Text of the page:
The Worker Protection Bill, which if passed would make employers liable for third-party harassment, passed through the second reading stage in the House of Commons today (21 October).
The new Bill is aimed at giving workers in hospitality, leisure and retail sectors better protection in the event of sexual harassment.
Currently, section 40 of the Equality Act 2010 prohibits employers from harassing their staff, and section 109 states that employers may be vicariously liable for harassment carried out by their employees, unless they can show they took “all reasonable steps” to prevent it. However, employers are not currently liable where staff are harassed by third parties, since the 2013 repeal of subsections 40(2)-(4) of the 2010 Act.
In 2018 the House of Commons Women and Equalities Select Committee’s inquiry into sexual harassment in the workplace criticised the lack of protections from workplace harassment. It recommended that legislation be introduced to impose new employer liabilities for third-party harassment and general duties to prevent harassment that could be enforceable by the Equality and Human Rights Commission.
In 2019 the government launched a consultation on sexual harassment in the workplace. Among other measures, this consultation sought feedback on the potential introduction of a new mandatory preventative duty “that requires employers to protect workers from harassment in the workplace” and on the introduction of new explicit employer liabilities for third-party harassment. It appeared that ministers were going to act and help protect those at sexual harassment.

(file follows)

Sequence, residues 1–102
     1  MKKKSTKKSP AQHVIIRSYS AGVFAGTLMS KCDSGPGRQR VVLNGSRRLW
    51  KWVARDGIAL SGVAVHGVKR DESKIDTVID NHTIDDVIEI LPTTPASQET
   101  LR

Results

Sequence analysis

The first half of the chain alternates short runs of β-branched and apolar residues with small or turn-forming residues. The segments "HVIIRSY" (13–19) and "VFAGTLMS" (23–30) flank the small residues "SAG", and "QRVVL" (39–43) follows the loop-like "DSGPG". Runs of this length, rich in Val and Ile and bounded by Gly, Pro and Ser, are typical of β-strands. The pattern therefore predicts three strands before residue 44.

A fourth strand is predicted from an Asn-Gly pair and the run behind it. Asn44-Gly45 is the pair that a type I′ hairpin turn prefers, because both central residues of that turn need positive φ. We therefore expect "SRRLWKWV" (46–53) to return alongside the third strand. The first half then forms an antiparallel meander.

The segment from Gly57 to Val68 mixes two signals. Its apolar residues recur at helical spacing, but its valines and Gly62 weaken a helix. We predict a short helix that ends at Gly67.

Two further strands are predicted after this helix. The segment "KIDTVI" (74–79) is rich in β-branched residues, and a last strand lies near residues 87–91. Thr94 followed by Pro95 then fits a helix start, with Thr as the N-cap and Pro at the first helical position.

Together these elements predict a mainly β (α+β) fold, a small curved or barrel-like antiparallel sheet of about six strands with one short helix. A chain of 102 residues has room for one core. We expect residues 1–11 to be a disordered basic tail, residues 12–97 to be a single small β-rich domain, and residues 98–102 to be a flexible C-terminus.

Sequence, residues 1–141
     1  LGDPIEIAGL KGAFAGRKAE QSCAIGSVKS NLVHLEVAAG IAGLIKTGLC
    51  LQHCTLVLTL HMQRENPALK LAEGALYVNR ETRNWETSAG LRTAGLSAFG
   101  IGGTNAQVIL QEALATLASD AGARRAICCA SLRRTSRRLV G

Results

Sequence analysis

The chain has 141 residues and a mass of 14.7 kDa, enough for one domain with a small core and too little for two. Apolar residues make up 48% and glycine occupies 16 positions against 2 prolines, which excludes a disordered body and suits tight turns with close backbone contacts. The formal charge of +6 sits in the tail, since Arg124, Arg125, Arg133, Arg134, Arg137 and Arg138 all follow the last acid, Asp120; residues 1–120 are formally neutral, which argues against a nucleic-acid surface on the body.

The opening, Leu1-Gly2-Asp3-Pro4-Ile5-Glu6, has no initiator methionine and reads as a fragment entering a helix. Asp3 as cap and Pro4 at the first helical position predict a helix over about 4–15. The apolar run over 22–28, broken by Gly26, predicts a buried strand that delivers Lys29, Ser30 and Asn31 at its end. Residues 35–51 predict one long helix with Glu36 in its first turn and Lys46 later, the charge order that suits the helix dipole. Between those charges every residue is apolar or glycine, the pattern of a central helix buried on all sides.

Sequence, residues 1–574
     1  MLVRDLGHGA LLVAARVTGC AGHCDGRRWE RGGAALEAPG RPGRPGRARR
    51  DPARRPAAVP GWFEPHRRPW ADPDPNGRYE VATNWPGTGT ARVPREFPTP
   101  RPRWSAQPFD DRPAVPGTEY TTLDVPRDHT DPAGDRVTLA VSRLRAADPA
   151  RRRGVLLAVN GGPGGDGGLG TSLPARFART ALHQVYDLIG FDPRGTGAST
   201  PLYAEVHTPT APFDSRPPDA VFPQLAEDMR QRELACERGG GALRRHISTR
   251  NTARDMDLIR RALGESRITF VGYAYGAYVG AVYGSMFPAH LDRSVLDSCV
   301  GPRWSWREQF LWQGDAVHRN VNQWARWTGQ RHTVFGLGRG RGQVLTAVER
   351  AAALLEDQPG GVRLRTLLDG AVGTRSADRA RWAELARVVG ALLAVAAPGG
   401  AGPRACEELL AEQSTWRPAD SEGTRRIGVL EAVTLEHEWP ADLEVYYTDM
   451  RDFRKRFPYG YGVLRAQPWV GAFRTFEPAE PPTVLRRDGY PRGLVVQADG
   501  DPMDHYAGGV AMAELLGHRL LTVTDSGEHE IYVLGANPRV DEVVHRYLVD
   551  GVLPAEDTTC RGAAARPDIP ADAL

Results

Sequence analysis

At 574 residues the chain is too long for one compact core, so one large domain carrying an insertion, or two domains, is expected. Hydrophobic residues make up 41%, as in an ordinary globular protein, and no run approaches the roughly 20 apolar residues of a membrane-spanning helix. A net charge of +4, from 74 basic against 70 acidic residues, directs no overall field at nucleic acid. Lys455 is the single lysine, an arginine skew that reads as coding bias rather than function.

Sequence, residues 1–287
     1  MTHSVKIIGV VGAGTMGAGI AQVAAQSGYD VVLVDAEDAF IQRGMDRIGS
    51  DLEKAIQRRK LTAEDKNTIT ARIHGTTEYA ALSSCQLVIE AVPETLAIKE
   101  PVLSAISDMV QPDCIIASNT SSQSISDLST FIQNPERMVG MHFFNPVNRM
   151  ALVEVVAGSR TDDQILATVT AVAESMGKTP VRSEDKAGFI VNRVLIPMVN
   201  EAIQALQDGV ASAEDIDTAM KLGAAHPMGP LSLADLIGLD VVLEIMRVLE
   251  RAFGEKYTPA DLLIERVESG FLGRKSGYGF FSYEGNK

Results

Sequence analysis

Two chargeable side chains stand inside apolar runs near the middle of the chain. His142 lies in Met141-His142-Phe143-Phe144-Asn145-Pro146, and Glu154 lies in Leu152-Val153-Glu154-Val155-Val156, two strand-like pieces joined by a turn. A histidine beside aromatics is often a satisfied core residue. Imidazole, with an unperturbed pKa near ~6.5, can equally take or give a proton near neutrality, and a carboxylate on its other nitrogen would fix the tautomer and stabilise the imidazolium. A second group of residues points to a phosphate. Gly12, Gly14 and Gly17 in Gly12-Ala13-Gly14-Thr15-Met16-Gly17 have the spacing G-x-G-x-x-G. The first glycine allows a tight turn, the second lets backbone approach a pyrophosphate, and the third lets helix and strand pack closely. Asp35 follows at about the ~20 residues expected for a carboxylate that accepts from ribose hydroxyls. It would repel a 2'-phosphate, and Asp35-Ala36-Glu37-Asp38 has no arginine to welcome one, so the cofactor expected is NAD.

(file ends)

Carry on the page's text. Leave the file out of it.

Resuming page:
But the measures were not followed through, to the dismay of campaigners and employment specialists, and a private member’s bill has had to be introduced by a Liberal Democrat MP to bring forward the policy.
Sean Nesbitt, partner and employment expert at international law firm Taylor Wessing, said the success of the Bill, sponsored by Liberal Democrat MP Wera Hobhouse, was not yet assured despite it passing the second reading stage.
Nesbitt said: “Many businesses with extended supply chains, such as media and entertainment and professional services, will be affected by this strengthening of their duties. The #metoo evidence persuaded many that it is necessary.
“This is not official government business. The MP sponsoring the Bill has had success previously with a law on upskirting. No one spoke out against the Bill in its second reading today but there is limited time available in the parliamentary agenda and, especially given the current turmoil, it would take only one determined MP to talk out the Bill’s chances of making law –as originally happened with Ms Hobhouse’s Upskirting Bill.” In 2018, the Bill was blocked by Conservative MP Christopher Chope, but eventually received royal assent in 2019.”
He added: “Perhaps the government might be minded to take it up if it is reforming other employment laws – as it has said it plans to.”
Separately, a Labour MP today quit after a parliamentary watchdog recommended he be suspended for “serious sexual misconduct”.
Two allegations of sexual misconduct against Christian Matheson, MP for Chester, by a former member of his staff were upheld. The MP allegedly invited her on a private trip abroad, which was found to be “sexually motivated”.
Matheson admitted he had committed a minor breach of the code and tendered his resignation. The Independent Expert Panel parliamentary watchdog had recommended he be suspended from the Commons for four weeks.